African heads of state on Monday gathered in Addis Ababa for a two-day summit expected to readmit Morocco into the organisation after a 33-year absence.
Members are also expected to elect a new chairperson to succeed South Africa’s Nkosazana Dlamini-Zuma.
Dlamini-Zuma is the first woman to serve as the continent’s top diplomat.
Report says Morocco is the only country that does not to belong to the 54-member body.
Although, Morocco left its predecessor, the Organisation of African Unity, in 1984 after it recognised the independence of Moroccan-occupied Western Sahara.
Morocco submitted its bid to rejoin in 2016, reportedly in the hope that being inside the AU would bring it diplomatic gains against Western Sahara’s independence movement Polisario Front and on other issues.
The summit was also due to elect a new chairperson to succeed Dlamini-Zuma, who has been tipped as one of the possible successors to her former husband, South African President Jacob Zuma.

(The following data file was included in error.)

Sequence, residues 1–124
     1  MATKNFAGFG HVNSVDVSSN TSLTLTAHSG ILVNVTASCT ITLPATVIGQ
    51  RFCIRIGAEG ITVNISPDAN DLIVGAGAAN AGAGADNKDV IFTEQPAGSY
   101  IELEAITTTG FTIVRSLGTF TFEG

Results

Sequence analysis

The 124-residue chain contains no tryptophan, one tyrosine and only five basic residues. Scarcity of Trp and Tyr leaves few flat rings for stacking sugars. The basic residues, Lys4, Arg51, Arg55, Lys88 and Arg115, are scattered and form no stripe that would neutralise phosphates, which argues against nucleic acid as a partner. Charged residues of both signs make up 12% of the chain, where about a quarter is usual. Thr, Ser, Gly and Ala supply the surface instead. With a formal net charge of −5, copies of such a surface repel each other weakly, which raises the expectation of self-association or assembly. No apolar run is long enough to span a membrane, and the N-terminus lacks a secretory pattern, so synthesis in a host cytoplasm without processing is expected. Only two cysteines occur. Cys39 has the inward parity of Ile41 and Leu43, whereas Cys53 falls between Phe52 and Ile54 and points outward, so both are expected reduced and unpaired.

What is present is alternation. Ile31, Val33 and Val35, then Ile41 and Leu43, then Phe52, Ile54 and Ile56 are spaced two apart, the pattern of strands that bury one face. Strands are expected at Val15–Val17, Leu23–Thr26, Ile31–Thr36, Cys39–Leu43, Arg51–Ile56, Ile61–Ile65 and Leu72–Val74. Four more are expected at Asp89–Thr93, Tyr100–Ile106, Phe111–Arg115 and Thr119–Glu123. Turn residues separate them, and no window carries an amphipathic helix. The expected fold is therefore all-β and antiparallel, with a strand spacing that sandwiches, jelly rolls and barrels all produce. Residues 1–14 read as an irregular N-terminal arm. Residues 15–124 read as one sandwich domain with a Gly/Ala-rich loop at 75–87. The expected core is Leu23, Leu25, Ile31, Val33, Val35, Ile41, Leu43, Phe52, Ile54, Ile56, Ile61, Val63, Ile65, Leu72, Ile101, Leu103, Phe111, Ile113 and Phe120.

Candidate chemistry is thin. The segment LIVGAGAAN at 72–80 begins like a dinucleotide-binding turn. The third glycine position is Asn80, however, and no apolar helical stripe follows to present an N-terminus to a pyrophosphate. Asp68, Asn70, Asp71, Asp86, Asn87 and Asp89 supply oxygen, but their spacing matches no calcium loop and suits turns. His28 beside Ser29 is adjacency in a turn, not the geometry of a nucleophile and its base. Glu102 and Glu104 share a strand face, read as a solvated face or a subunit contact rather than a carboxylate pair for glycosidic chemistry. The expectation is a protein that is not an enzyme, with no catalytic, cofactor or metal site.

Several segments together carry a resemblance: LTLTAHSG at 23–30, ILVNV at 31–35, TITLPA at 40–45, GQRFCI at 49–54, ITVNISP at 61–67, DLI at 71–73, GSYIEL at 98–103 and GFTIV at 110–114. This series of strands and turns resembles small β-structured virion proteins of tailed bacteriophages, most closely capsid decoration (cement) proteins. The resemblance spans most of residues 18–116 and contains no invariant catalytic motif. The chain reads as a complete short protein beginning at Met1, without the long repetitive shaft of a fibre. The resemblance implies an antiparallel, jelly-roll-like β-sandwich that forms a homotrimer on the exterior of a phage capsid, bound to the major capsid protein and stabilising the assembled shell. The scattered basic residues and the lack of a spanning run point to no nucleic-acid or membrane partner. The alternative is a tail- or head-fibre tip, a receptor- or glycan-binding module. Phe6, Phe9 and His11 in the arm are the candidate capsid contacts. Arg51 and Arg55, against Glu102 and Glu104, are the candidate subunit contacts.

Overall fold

Dlamini-Zuma is seen as leaving a mixed legacy as the AU struggles with issues including a military conflict in South Sudan, the terrorist campaign by al-Shabaab in Somalia and political crises in Burundi and Congo.
However, the AU was vocal in pressuring Gambia’s former president Yahya Jammeh to relinquish power after losing the Dec. 1 election, and criticised Burundi’s Pierre Nkurunziza for seeking a third term in spite of the constitutional two-term limit.
It has also been accused of not prioritising rights issues.
Candidates to succeed Dlamini-Zuma include Kenyan Foreign Minister Amina Mohamed, her Chadian counterpart Moussa Faki Mahamat and Senegalese diplomat Abdoulaye Bathily.